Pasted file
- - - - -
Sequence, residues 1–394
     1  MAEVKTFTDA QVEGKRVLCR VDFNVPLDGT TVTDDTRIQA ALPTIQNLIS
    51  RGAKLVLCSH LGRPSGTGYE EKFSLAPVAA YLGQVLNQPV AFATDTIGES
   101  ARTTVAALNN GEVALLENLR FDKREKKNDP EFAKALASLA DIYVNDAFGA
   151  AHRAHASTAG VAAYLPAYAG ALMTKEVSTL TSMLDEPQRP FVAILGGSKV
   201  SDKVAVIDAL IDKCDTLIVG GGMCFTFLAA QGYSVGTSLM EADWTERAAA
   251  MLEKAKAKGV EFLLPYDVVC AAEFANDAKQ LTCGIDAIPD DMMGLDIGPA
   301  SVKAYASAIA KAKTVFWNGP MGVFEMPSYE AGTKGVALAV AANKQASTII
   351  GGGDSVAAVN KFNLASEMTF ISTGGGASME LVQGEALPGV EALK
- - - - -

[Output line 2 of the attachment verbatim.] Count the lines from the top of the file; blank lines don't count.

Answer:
     1  MAEVKTFTDA QVEGKRVLCR VDFNVPLDGT TVTDDTRIQA ALPTIQNLIS